Personalized Branding

I recently came across a great use of personalized branding.  It was genius in its simplicity!  The #shareacoke campaign, all Coke did was personalize bottles and cans of Coke, Diet Coke, and Coke Zero with names, titles, and friendly sayings.  They didn’t change the recipe, or give a huge discount, or hire an expensive celebrity to endorse it.  This basic use of personalized branding has given coke a big spike in sales, social media buzz, and a major rise in public opinion of the brand.

The campaign was originally trialed in Australia in 2011 and produced some impressive results. Young adult consumption increased significantly, up by 7%. The campaign also earned a total of 18,300,000-plus media impressions, and traffic on the Coke Facebook site increased by 870%, with page likes growing by 39%.

Since the UK campaign was launched on 29 April, its proven to be just as big a hit in the UK. From a social perspective, Coca-Cola has seen its Facebook community grow by 3.5% and globally by 6.8%. The hashtag has also been used 29,000 times on Twitter (Brandwatch, 2013).



I can testify to the effectiveness of this campaign, my career and education are both in marketing, and it wasn’t until I was at the register at my local grocery store with 2 more diet cokes than I needed, just because they had my wife and son’s names on them.  That is when the brilliance of this campaign hit me.

Coke has seen a huge increase in their social footprint and the overall impression of the Coke brand has grown.  Consumers are posting pictures of the cans with their names on them, making funny photo’s and videos with #shareacoke.  This type of  publicity and  advertising is what marketers dream of.  The video of a couple announcing their pregnancy is a perfect example.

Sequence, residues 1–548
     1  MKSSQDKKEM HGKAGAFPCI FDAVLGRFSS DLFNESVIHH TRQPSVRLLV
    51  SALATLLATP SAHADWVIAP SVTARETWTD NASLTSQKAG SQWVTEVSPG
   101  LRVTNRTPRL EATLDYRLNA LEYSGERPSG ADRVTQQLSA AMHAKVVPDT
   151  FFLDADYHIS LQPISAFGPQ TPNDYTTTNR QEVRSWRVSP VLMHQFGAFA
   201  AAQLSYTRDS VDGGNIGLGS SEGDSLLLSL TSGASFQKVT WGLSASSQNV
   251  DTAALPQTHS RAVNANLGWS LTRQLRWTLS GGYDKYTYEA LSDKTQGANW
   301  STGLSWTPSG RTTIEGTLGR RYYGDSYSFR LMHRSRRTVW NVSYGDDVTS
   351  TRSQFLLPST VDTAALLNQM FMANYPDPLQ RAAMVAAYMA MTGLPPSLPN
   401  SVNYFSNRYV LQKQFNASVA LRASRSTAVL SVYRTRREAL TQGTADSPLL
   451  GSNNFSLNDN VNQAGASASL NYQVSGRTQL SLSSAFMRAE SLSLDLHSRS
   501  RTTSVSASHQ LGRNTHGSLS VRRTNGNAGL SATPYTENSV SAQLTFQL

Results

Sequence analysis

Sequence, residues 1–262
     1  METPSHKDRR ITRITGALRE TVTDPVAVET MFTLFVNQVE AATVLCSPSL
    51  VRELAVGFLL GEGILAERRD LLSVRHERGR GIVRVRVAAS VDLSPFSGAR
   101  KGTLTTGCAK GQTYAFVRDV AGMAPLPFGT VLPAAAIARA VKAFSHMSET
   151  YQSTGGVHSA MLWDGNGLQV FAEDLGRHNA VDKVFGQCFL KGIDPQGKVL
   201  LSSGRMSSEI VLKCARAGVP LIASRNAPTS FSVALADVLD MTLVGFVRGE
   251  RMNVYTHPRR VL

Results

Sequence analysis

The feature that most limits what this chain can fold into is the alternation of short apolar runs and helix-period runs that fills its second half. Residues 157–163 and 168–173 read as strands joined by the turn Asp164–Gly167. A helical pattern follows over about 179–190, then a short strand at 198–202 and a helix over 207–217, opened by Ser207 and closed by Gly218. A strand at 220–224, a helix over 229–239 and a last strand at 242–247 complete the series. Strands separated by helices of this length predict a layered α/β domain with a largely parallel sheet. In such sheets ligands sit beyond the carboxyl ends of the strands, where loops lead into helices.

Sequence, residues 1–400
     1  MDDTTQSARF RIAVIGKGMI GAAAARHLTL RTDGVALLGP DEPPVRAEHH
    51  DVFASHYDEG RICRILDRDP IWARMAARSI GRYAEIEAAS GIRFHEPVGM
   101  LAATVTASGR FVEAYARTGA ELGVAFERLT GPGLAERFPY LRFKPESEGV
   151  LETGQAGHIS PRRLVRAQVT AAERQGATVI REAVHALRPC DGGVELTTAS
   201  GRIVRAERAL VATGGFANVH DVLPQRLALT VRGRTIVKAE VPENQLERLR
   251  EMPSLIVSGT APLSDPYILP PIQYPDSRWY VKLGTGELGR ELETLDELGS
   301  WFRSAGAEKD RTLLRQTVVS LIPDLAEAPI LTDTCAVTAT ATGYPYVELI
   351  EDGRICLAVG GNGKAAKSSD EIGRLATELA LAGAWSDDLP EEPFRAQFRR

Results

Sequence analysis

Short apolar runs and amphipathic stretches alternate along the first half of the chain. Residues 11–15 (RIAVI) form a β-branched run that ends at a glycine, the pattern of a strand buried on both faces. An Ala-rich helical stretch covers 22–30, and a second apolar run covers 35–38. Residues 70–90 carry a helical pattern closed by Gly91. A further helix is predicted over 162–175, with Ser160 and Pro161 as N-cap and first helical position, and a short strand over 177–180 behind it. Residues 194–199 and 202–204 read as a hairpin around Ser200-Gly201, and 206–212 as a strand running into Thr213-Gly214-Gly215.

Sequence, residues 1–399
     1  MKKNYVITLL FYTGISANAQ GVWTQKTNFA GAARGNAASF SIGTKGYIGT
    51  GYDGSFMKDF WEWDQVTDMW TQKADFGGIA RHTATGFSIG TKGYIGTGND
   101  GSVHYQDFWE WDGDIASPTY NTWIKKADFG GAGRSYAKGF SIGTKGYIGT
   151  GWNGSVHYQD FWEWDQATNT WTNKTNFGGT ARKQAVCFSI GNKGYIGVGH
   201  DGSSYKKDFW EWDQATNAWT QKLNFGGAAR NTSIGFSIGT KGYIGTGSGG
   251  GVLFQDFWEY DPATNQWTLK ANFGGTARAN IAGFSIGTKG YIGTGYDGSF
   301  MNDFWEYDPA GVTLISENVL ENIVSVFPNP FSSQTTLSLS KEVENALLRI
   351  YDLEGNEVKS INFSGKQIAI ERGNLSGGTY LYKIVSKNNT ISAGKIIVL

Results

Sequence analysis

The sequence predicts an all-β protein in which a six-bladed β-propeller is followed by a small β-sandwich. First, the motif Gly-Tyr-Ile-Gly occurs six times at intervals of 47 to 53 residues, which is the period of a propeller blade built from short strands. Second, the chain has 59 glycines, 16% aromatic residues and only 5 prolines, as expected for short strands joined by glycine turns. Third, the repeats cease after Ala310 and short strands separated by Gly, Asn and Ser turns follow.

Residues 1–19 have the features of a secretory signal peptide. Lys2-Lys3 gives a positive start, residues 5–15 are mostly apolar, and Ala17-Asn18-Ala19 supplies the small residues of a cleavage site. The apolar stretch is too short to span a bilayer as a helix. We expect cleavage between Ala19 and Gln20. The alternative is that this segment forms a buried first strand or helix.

It doesn’t get better than that!


How can this example help me and my company?

Personalization of your brand:  You may not have the same budget as coke, but that doesn’t mean you can’t use personalized branding strategy.  You may not be able to brand each of your clients or employee names onto a shirt and give it to them because of how expensive this would be.  But personalization isn’t just using someone’s name.  It can be done on a different level by grouping customers and employees. Some different ways to group your clients or employees into categories are done by industry, common interests, lead sources, etc.  It is really up to your creativity.

By doing some simple analysis of your client base, or employees, you can break them up into these different groups.  Then take these groups and personalize the promotional gear for those groups, whether you plan on selling the swag, using it as an incentive, or even using it to improve your brands impression, it will greatly improve the response you would receive from each group versus everyone getting the same promo item.  By doing so you will greatly increase the effectiveness of each campaign.  Your clients and employees will walk away feeling less like a number and will know that your company knows and thinks highly of them.

For example, your clients are divided into 2 major industries, technology and medical.  You could give them a shirt with your logo on it and be done, but if you were to design two different shirts that address the elements of both the technology and medical on the shirts, this will create greater impressions of your company in their eyes and will also show them that your brand understands their needs and industry.  Get out of the box and think of ways that you can personalize your marketing.   Give each group a different item; give the medical group branded scrubs and the tech group you give branded USB drives.  Your brand is still in front of them and it holds more use and meaning to the two groups.



Cokes branding genius is a great reminder to all of us that we can do more to personalize our brand to our clients.  With promotional marketing it doesn’t have to be 1 size fits all, we can personalize our brands even on a budget.

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